Joe Macaron
The Middle East Times
June 4, 2008 - 5:37pm

It must be ecstatic for Israeli Prime Minister Ehud Olmert to be in Washington for three days, a brief escape from a quasi political inferno.

Not only haunted by scandals and calls to step down, but by a Palestinian process devoid of substance, an inherently strained Syrian track and a puzzled observation of developments in Lebanon.

The man came to power with two enduring complexes: the lack of military heroism and subsequently the guilt to compromise.

Expected to meet with U.S. President George W. Bush today, Olmert is seeking $150 million for the third generation of Arrow missile defense system to counter Qassam rockets plus a request of F-22 jet fighters with a radar detector, pending the Congress remove its ban on this sale.

"Given the recent political developments in Israel, I hesitated as to whether it was the right time and the right thing to leave everything behind and meet with you today," said Olmert last night before the pro-Israel lobby American Israel Public Affairs Committee.

"I did not hesitate for too long," he affirmed.

Olmert is facing a corruption scandal, accused of allegedly taking improper funds over a decade – before he came to office – from an American fund-raiser from New York, Rabbi Morris Talansky, a case apparently leaked by his own associates.

Olmert's Kadima Party wants to avoid early elections to sustain the leverage of this centrist party, with a scenario calling for Foreign Minister Tzipi Livni to replace Olmert.

But the battle for the prime ministership is already under way. Defense Minister Ehud Barak wants to end the honeymoon enjoyed by Kadima and restore the influence of the Labor party, in an eventual parliamentary election that would pave his way back into office.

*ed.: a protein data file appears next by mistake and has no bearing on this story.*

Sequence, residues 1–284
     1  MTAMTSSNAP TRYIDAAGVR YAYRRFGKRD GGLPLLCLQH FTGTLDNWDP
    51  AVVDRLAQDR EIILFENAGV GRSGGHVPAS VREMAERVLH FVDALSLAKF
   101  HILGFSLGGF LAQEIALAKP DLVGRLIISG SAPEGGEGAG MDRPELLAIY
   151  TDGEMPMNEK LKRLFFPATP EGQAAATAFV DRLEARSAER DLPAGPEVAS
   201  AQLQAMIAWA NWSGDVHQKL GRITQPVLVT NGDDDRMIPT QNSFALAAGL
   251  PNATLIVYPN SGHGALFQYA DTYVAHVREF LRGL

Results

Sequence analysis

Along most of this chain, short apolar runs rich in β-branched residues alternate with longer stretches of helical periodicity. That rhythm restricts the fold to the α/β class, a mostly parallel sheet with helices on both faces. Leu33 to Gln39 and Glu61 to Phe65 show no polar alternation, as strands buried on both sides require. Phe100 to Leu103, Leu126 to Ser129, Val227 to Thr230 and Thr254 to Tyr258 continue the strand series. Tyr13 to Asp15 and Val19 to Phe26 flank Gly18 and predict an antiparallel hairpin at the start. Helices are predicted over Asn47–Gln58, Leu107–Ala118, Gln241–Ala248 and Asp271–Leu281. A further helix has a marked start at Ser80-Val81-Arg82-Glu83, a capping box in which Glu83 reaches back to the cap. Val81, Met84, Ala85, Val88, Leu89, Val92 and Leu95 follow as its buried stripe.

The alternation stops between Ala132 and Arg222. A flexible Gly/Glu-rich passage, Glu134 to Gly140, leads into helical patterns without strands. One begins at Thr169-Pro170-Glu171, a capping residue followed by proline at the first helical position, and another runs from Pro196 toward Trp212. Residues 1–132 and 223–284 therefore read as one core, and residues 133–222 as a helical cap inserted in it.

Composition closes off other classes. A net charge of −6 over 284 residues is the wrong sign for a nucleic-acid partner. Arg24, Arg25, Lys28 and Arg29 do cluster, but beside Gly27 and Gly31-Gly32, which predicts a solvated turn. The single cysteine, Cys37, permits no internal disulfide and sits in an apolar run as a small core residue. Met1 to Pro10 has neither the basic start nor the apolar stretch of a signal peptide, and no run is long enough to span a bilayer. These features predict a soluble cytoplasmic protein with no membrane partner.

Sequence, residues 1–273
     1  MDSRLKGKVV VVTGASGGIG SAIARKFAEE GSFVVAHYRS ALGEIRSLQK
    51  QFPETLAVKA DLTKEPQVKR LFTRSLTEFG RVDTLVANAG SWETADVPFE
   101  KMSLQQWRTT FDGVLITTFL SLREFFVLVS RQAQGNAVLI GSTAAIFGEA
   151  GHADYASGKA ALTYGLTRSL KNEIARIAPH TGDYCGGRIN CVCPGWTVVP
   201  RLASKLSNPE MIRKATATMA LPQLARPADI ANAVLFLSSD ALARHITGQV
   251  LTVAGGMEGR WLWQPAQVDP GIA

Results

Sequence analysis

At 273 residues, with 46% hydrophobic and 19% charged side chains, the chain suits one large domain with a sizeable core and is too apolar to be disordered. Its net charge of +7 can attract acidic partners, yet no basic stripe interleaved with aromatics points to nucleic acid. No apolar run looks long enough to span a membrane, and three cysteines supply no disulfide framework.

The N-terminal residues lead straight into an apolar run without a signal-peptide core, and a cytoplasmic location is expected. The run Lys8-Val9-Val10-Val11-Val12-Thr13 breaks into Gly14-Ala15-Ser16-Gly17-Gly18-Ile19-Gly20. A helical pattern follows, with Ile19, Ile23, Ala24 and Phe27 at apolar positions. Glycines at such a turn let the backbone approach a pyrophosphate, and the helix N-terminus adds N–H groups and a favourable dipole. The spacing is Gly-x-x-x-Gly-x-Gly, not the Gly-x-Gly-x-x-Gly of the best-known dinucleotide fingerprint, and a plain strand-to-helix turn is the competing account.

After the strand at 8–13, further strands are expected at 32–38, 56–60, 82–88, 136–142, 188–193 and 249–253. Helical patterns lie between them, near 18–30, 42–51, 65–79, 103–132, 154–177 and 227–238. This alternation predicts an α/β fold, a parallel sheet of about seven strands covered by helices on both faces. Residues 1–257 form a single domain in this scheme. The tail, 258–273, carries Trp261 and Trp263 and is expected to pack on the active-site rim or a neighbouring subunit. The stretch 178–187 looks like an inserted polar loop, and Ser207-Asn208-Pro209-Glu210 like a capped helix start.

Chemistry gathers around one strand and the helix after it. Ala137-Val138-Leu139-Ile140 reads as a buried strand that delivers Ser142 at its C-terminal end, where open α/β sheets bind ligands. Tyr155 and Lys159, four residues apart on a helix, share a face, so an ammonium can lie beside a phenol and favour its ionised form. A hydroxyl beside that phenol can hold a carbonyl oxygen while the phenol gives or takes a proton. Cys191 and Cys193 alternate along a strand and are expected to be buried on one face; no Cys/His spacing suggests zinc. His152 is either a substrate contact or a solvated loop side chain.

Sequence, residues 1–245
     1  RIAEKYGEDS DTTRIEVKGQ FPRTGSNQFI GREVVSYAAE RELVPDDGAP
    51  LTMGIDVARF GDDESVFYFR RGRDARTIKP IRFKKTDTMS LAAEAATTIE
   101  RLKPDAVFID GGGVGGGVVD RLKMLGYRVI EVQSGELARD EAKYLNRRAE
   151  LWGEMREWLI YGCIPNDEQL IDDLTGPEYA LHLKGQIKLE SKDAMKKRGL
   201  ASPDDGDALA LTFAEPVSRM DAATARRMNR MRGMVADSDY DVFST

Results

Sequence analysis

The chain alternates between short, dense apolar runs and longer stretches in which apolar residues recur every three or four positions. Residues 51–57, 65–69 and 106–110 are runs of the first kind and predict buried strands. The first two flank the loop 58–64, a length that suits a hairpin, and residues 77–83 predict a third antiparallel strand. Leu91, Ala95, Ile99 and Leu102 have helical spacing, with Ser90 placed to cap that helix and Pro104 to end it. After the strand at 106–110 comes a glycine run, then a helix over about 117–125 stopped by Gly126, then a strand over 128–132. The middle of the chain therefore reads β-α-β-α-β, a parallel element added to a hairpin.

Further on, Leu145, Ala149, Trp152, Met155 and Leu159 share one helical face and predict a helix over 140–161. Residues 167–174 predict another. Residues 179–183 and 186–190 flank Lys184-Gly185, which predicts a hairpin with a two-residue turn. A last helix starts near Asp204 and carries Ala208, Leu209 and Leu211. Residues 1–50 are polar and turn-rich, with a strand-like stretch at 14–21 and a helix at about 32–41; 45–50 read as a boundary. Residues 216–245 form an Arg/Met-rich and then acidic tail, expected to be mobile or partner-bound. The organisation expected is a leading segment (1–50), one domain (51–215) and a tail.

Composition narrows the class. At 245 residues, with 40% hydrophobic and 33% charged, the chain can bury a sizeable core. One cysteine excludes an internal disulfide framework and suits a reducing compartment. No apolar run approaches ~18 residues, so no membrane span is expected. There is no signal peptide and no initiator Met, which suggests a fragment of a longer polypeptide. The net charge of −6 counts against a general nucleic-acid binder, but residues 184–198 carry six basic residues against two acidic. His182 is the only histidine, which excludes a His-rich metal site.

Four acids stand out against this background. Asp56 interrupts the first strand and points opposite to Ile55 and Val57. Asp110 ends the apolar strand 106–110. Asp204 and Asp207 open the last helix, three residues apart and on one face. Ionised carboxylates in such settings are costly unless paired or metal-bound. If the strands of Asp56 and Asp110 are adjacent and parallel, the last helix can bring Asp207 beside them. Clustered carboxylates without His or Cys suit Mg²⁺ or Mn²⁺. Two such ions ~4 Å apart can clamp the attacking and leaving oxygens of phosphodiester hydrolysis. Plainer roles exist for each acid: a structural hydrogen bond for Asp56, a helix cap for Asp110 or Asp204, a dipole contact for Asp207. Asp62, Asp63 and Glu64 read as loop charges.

But interestingly, Barak's call for Olmert to resign could work against him in the long run and extend Kadima's rule until 2010.

On the other side, Likud leader Binyamin Netanyahu, wants to build on his high poll numbers, which he believes would give him a landslide victory in early elections. Ultimately, Likud and Labor would like to see the demise of Kadima, returning Israeli politics to its traditional divide between the left and right.

Yet a formula needs to be found on how the three contenders can agree in conceding the premiership to another. Kadima has an unprecedented 29 seats in the Knesset, and is in no rush to change that. Labor has 19, down from the 21 seats it held in the 2003 elections; and Shas holds 12. The big blow was for Likud which lost heavily to Kadima, going from 27 seats in 2003 to 12 in 2006.

No motion to dissolve the Knesset is likely to be passed, leaving the current assembly in place until 2010. Instead of parliamentary elections, Kadima could opt for a primary where around 65,000 of its members would pick a new leader by September.

The founding of Kadima in November 2005 was former Prime Minister Ariel Sharon's intent to form a national platform to push for unilateral disengagement from Gaza, remove Israeli settlements, and draw the borders of a novice Palestinian state.

In view of the lack of progress in advancing peace talks with the Palestinians, Olmert's resignation could be welcomed by the Bush administration, so long as Livni replaces Olmert and she remains faithful to Sharon's plan.

Washington might look at a swift transfer of power as an opportunity for a fresh start. Livni has been calling for Olmert to resign since May 2007, following the Winograd Commission's interim report on the summer 2006 war on Lebanon.

Already, reports highlighting her experience as a Mossad agent have surfaced. According to the London Sunday Times, Livni served as a Mossad agent in Paris in the 1980s overseeing missions to kill Palestinian militants across Europe. The report stressed that she was not "an office girl."

At this point Olmert resignation is not a matter of when, but rather a question of how.


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